Thousands of Danes placed flowers at a Copenhagen cafe and synagogue to mourn the two men killed there by a terrorist gunman over the weekend. What was barely noted in the non-Danish media, however, is that flowers were also brought to the site where suspected gunman Omar Abdel Hamid El-Hussein was later shot dead by police.
In response, a group of local Muslim youths took another step that appeared to be designed to honor the killer of 55-year-old filmmaker Finn Norgaard and security guard Dan Uzan, 37, who had volunteered to stand outside the synagogue door during a bat mitzvah celebration.
The English-language Scandinavian news site The Local reported that the individuals, whose faces were covered, removed the flowers from outside where El-Hussein was shot, deeming them to be un-Islamic. The moment was captured by television cameras for Denmark's TV2, which showed that when they finished removing the flowers, they shouted "Allahu akbar." TV2 reported that the men called themselves El-Hussein's "brothers."
The Local reported:
A group of young men wearing hoods to partially cover their faces has removed flowers that were laid at the Copenhagen spot where the presumed gunman was killed by police.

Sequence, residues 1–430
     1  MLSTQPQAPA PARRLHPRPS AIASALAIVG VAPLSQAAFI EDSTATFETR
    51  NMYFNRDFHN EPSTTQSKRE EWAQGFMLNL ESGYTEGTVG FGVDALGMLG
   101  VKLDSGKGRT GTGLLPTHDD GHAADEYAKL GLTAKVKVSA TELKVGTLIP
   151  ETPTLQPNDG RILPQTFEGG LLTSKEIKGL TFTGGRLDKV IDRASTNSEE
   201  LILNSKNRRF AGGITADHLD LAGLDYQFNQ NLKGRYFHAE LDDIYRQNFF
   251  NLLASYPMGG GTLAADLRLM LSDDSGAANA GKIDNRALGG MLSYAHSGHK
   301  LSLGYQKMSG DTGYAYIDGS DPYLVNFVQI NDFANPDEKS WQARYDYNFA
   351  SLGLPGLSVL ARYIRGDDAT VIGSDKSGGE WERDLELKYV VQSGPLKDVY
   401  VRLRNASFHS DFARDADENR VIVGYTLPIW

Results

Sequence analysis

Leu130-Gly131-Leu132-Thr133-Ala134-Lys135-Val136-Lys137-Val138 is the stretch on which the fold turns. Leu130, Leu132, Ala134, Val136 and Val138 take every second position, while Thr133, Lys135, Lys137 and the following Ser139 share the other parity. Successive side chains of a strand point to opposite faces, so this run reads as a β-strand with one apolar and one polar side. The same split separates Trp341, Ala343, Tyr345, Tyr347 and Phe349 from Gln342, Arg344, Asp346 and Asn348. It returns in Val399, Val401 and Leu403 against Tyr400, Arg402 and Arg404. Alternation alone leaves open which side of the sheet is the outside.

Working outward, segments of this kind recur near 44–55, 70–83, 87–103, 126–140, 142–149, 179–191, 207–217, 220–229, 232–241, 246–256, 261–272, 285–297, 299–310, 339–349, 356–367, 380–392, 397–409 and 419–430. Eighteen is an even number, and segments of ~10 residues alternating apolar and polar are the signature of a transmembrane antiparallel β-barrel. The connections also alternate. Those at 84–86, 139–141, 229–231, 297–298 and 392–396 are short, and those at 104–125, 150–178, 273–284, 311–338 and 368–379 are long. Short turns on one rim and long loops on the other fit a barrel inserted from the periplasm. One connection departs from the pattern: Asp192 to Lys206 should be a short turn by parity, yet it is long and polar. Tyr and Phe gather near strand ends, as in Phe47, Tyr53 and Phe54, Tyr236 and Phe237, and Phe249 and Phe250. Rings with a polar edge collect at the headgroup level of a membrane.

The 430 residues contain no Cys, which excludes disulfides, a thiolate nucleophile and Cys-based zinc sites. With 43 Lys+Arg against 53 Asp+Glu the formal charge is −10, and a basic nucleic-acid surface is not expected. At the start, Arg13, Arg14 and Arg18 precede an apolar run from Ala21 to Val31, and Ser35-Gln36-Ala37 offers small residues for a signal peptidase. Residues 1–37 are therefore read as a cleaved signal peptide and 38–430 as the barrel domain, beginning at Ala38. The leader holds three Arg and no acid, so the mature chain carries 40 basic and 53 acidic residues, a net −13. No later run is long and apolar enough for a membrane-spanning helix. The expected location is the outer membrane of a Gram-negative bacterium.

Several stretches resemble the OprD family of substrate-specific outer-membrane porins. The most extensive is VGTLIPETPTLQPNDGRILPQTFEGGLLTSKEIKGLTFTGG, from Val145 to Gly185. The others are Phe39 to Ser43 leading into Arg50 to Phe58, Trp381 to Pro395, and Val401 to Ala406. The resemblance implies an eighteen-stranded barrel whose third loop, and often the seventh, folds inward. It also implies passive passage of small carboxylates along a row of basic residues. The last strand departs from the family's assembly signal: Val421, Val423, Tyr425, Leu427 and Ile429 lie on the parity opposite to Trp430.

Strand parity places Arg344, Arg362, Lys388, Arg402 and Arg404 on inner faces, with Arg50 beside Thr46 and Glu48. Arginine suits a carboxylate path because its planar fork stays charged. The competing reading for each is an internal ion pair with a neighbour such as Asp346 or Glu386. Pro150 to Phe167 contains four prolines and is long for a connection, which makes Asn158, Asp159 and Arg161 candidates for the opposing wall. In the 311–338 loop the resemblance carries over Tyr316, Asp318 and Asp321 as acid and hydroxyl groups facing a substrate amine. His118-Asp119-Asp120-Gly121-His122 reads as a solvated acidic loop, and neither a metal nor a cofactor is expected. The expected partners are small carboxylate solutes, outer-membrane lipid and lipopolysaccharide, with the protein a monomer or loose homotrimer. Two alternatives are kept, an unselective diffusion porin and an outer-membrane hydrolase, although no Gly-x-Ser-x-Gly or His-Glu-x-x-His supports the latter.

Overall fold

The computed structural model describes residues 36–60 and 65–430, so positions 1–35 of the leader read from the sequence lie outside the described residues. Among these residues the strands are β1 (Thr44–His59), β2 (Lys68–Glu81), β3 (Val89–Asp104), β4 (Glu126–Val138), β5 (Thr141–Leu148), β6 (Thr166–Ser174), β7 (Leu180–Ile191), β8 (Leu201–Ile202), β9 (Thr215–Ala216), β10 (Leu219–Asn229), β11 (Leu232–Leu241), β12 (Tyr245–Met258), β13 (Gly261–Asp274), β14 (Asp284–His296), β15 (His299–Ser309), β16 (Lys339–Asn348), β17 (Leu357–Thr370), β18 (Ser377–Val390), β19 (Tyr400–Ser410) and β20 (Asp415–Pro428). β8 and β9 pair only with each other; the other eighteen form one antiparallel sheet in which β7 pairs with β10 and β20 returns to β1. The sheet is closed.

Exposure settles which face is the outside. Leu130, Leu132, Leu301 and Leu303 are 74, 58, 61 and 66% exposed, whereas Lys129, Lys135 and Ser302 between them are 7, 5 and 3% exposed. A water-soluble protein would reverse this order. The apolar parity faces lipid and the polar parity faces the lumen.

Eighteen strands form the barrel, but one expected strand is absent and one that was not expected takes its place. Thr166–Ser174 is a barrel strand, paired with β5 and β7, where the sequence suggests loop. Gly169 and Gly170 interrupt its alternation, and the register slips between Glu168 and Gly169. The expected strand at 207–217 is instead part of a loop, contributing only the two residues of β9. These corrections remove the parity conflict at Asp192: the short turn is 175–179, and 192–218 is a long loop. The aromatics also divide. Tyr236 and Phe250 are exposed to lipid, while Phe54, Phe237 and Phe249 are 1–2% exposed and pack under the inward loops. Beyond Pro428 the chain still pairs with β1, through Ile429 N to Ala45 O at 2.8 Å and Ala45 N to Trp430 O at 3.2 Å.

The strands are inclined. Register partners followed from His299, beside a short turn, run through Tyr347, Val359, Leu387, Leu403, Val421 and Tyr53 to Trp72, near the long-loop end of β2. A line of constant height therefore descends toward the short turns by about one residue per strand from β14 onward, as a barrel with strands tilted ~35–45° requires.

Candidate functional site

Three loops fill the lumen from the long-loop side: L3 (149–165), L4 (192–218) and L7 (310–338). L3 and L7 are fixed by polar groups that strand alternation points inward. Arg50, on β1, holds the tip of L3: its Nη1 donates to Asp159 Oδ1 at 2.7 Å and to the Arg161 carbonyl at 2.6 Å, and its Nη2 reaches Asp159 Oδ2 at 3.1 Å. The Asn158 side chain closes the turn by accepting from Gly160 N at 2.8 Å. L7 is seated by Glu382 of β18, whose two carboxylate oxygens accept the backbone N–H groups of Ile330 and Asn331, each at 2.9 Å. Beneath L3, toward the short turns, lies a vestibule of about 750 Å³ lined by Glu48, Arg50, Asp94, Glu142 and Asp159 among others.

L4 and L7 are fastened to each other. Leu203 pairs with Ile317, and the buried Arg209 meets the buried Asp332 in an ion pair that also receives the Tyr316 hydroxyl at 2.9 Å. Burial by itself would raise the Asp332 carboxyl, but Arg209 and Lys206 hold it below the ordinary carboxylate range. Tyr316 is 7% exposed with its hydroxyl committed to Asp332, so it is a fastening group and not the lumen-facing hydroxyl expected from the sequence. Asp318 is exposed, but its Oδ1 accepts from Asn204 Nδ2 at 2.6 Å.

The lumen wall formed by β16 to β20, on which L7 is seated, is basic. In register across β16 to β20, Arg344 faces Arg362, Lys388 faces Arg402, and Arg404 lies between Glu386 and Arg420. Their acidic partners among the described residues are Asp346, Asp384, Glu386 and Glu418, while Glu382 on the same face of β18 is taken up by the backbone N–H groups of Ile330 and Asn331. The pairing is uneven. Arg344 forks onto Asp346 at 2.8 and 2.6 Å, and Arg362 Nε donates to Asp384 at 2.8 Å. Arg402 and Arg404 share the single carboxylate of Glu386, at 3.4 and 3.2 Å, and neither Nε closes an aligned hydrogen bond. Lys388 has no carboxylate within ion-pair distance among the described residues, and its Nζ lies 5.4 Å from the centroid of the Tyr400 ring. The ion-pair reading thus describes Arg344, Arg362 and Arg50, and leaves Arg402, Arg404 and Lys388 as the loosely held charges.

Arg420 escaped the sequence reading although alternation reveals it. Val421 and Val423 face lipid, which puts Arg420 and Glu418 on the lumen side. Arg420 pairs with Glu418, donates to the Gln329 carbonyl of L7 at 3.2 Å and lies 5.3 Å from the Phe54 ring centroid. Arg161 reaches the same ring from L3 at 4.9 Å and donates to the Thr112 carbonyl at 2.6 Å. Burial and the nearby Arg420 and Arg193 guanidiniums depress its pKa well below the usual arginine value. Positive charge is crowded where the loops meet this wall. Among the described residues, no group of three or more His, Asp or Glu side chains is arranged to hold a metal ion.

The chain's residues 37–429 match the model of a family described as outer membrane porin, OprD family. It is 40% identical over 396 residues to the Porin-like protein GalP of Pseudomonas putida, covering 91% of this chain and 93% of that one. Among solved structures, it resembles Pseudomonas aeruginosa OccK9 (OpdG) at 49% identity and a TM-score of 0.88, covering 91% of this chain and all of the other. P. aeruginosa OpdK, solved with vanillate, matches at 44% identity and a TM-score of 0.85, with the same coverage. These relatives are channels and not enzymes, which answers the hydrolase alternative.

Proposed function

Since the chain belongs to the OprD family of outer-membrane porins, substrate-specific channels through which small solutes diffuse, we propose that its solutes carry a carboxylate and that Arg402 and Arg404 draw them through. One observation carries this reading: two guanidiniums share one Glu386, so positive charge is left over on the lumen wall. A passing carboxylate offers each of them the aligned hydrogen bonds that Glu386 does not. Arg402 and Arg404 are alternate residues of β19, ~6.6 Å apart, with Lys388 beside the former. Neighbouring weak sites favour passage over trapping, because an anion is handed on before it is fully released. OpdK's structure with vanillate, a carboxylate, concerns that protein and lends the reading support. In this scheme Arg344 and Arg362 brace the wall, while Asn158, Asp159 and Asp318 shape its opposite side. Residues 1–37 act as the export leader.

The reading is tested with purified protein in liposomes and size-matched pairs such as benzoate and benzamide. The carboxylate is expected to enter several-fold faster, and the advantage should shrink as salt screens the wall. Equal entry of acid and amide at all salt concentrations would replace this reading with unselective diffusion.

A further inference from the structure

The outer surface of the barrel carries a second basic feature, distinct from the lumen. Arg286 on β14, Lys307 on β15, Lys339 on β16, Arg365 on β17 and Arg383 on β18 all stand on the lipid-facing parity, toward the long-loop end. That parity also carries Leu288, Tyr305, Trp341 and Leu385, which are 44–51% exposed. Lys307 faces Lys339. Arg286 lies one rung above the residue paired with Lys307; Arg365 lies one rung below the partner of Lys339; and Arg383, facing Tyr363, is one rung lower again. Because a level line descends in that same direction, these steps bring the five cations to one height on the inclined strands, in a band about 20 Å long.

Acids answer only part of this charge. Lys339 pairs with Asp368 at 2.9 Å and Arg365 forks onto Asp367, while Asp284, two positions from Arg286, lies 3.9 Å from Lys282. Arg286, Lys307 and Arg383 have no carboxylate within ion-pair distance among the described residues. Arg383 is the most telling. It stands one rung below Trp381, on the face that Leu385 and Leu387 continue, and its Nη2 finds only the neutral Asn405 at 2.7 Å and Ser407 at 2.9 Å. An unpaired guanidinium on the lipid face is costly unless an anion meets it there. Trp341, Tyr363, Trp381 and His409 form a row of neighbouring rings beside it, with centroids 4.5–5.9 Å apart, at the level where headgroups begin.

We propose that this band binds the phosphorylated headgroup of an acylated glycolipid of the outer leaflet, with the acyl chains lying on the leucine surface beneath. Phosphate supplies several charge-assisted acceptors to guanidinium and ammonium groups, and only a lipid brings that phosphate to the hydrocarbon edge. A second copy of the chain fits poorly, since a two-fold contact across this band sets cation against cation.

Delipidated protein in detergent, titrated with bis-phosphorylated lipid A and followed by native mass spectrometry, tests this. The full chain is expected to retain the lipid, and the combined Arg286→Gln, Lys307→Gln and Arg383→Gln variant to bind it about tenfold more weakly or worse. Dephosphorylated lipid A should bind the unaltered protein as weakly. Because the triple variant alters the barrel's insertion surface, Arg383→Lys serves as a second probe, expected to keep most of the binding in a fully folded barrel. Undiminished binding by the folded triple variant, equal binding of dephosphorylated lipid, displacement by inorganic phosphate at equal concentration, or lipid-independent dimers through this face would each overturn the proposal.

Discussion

The men can be seen in a video from TV2 News kicking the flowers and carrying them away.
One of the men told reporters that they removed the flowers because it is not a Muslim tradition to lay flowers for dead people.
TV2 reported that instead of flowers, the youths put up a note at the site that read in Danish and Arabic, "May Allah be merciful with you. Rest in peace."
El-Hussein, the son of Palestinian immigrants to Denmark, was killed during a shootout with police in Norrebro, a neighborhood with a sizable immigrant population.
Residents told TV2 that they believe El-Hussein was prematurely labeled a terrorist and that Danish society discriminates against Muslims.
Danish police have also arrested two suspected accomplices in the weekend attacks.
The gunman first attacked a gathering of artists and free speech advocates at an event promoting free speech and artistic expression in the wake of accusations of blasphemy.
Swedish artist Lars Vilks, who has been subject to numerous Islamist threats for drawing the Muslim Prophet Muhammad, is believed to have been the intended target of the attack.
El-Hussein was recently released from prison where he was serving time for stabbing a man in the leg in 2013 on a Copenhagen train.
Britain’s Daily Mail quoted El-Hussein’s father, who told Norwegian broadcaster TV2: “He was 'normal' religious, nothing unusual, he didn't go to mosque any more than the average Muslim.”
Here is the video from Denmark’s TV2 showing the men taking away and kicking away flowers from the sidewalk near the Norrebro train station:
(H/T: Jewish Press)